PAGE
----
The Nile crocodile feeds on fish, antelope, zebras, and buffaloes.
One of the three species of crocodile found in Africa, the Nile crocodile is the second largest crocodile in the world and inhabits larger rivers, lakes, estuaries and swamps in sub-Saharan Africa, the Nile basin and Madagascar. The Nile crocodile is characterized by its four short, splayed legs, a flat, powerful tail, a scaly hide and a strong jaw. Adult males can reach up to 20 feet in length and weigh well over 1,000 pounds.
While it does come ashore to bask on hot days, the Nile crocodile is primarily designed to be hidden in the water. The placement of ears, eyes and nostrils on the top of the skull allow it to stay nearly submerged all day, and its olive coloring also aids in concealment.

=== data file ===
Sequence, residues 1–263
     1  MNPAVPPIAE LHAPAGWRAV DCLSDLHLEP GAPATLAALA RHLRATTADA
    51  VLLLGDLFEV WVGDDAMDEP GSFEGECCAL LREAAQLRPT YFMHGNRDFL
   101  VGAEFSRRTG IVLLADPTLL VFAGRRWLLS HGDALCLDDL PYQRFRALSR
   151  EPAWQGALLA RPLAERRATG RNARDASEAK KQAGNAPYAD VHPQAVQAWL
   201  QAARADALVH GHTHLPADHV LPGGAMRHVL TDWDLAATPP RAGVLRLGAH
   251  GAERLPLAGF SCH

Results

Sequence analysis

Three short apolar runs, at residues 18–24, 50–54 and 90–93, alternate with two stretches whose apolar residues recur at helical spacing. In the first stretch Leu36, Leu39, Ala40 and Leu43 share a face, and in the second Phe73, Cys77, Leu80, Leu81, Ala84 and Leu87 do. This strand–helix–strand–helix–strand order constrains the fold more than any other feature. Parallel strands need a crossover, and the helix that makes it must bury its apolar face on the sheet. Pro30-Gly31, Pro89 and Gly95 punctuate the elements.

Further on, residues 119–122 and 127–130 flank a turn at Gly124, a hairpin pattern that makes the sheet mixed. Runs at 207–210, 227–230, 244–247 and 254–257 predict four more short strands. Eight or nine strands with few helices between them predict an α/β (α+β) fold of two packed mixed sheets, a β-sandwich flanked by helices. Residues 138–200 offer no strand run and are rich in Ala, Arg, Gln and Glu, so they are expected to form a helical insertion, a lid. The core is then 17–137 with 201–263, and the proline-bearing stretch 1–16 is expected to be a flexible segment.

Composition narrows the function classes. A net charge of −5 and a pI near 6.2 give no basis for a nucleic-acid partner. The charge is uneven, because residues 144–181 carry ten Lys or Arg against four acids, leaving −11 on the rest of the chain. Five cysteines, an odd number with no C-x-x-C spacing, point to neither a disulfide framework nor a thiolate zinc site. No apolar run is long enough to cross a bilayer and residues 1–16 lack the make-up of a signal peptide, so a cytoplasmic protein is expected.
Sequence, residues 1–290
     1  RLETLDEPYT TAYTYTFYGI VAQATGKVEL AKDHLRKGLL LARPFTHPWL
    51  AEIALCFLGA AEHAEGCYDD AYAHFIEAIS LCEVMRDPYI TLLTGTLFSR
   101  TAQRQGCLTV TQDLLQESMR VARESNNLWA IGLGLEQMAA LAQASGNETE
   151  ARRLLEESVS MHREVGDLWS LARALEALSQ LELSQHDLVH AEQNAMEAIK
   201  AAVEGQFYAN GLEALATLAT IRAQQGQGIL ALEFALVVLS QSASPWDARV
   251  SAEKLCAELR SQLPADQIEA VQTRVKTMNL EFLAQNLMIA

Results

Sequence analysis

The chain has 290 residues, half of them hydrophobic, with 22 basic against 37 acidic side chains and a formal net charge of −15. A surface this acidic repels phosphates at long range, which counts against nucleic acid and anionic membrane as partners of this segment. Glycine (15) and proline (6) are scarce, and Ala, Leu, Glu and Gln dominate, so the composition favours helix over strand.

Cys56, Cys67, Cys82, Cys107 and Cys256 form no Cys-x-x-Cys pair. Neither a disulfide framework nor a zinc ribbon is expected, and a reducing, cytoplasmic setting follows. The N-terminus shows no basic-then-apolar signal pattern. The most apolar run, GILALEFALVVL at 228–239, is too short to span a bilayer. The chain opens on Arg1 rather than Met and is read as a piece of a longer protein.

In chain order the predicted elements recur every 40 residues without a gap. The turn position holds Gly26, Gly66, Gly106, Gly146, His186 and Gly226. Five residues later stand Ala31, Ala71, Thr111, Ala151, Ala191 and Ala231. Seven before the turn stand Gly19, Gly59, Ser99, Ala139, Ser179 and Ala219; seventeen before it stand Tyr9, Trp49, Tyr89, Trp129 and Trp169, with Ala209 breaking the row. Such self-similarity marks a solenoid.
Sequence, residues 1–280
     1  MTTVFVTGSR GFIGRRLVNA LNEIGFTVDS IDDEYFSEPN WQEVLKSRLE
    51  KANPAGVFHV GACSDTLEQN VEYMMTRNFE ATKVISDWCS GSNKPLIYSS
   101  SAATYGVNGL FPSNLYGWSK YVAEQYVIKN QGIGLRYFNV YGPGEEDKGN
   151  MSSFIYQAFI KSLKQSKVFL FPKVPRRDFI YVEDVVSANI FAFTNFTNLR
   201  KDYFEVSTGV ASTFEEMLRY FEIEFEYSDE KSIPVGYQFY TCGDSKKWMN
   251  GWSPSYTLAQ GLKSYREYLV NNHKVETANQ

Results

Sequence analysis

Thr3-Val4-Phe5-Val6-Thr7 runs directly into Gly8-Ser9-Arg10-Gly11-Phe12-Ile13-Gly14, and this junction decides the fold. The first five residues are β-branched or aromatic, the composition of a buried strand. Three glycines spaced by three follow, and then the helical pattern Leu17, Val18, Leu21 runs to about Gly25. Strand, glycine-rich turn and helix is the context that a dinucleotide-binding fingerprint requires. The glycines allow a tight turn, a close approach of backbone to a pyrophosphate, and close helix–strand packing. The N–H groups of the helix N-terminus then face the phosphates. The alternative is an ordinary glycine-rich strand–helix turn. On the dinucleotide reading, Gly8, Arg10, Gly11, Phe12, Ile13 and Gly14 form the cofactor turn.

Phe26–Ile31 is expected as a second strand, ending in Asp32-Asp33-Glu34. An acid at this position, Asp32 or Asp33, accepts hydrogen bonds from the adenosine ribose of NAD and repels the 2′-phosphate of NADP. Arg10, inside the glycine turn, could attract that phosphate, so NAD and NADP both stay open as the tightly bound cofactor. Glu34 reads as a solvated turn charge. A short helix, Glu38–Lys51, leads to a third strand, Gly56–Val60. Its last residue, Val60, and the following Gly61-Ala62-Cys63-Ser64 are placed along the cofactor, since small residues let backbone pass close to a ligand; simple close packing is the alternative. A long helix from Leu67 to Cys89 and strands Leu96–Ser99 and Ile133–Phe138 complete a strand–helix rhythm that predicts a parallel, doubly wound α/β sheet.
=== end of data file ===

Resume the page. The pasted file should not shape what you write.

The Nile crocodile feeds on fish, antelope, zebras and buffalos, leaping up to catch nesting birds or to pull large animals beneath the water. It also has a well-deserved reputation for killing humans, since its habitat is in close proximity to people.
Like other crocodilians, it can bite but cannot chew, which is awkward when hunting larger prey. As a solution, the Nile crocodile drags large prey underwater, using a twirling method, called a “death roll,” to tear off large chunks of flesh. The crocodile’s mouth is filled with 68 teeth and is capable of exerting impressive force while clamping onto prey.
Populations were bought nearly to extinction in the mid-20th century, as the Nile crocodile was hunted for leather and meat. National protections and international trade regulations have helped them rebound in many areas. The species is still threatened by illegal hunting, pollution and habitat loss. There are an estimated 250,000 to 500,000 species left in the wild.
Like other crocodilians, Nile crocodiles have temperature-dependent sex determination, which means the sex of their hatchlings is determined not by genetics, but by the average temperature during a portion of their incubation period. Offspring will be male only if the temperature inside the nest falls between the narrow range of 89.1 F and 94.1 F. Otherwise, offspring will be female.